Trying to find a good way to use whiteboards in a hyflex classroom is a common concern. There are a variety of ways to address this depending on the specific problem you’re trying to solve. Below you’ll find some common scenarios with advice on how to make them work well for you and your students.

What are my digital whiteboard options?

There are lots of whiteboard options out there. Your individual needs are going to shape which one makes you happy. A few examples are included below but it’s a big world of options. Look at the example links to get a better idea what they make possible. Try a few out and let us know if you need help finding one that better fits your needs.

Whiteboard Options that are Free and Supported by Middlebury

There are a number of options that Middlebury supports centrally. Keep in mind that any of the tools that let you draw could be used as whiteboard options. Some factors that might shape your choice are which tools you are already familiar with and whether you want students to be able to work with you collaboratively.

I have a tablet, but drawing/writing with my finger doesn’t work well.

You may just need a stylus (basically a pen) rather than using your finger. There are a wide range of stylus options. Some styluses are universal and will work with iOS, Android, or Windows devices. Others, like the Apple Pencil, will only work with iOS devices.

On one end of the spectrum are simple styluses like the Adonit Mark (~$7). For many people, the simple stylus will do everything you need and it works regardless of the operating system. On the more sophisticated (and expensive) end of the spectrum is the Apple Pencil (~$100). It is a good choice if you’ve already own a compatible iPad and have fairly sophisticated needs (pressure and tilt sensitivity for instance).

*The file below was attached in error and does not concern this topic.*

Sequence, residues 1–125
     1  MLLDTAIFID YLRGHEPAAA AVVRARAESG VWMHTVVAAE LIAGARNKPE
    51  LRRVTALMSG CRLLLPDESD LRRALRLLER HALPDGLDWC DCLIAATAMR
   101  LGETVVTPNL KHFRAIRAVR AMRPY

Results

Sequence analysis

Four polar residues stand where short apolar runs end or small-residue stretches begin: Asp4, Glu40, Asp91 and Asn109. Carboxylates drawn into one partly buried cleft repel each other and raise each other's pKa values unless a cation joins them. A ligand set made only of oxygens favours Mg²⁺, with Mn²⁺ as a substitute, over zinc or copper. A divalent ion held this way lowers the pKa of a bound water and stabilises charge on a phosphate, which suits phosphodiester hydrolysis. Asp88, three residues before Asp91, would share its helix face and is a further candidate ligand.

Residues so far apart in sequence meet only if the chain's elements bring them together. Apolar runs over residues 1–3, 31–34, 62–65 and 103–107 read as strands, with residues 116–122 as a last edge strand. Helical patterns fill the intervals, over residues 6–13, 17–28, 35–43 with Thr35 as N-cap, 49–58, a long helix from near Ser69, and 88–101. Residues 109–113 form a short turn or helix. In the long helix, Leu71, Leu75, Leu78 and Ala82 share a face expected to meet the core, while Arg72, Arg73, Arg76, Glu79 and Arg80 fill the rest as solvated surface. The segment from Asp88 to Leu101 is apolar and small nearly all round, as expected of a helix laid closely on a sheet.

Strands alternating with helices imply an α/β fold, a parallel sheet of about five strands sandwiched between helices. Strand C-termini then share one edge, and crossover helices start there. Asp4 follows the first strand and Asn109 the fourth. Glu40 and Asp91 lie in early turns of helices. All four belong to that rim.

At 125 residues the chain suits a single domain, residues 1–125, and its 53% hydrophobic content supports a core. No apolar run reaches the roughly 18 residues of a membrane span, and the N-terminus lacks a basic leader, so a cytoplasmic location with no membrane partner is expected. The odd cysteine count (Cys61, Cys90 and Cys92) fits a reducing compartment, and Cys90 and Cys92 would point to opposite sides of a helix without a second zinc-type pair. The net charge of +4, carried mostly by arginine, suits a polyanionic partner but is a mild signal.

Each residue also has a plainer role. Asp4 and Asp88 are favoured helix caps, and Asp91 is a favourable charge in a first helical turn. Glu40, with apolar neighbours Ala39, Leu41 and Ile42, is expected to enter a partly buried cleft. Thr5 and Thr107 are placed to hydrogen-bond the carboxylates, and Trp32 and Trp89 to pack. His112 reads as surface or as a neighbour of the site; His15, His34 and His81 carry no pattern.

You can learn more about sharing your iPad in Zoom here.

I want to write with a pen but don’t have a tablet

Drawing tablets are an option. Again, they vary in cost and complexity. Basic drawing tablets give you a something akin to a mouse pad that you can draw on with a stylus. These take some getting used to but offer some really nice options for people who want a more natural writing interface. The more expensive tablets will be closer to iPads and have increase functionality.

I want to write on paper

Some rooms have document cameras or document cameras are available to check out through the library or media services. This option would let you write or draw on paper and display it on the screen in the room. You would join the room computer to Zoom and share your screen to make the same image visible to the remote students. Using a dark marker and writing larger text will make things easier for everyone. Consider saving and sharing an image of the final product for future reference.

If you don’t have access to a document camera but this type of interaction appeals to you, there are stands you can buy (or make) for a phone that give you similar capabilities. This is a pretty comprehensive description of how to use your phone as a document camera in Zoom.

I want to show the actual whiteboard

When you use the actual whiteboard in the room, you want to make sure you’re not giving online students an inferior experience. Usually that means you need live video of the whiteboard in use. That can be difficult in certain rooms. Glare off of the whiteboard can also make things more complex. It all depends on where the camera is, and whether the writing is dark and large enough to be easily read.

If the installed classroom cameras are not providing a good view of the whiteboard, you might consider using an external webcam, a iPhone, or iPad. You can join those devices to the Zoom meeting and share their screens. You may need a tripod, stand, or a willing volunteer.


Featured photo by Kvalifik on Unsplash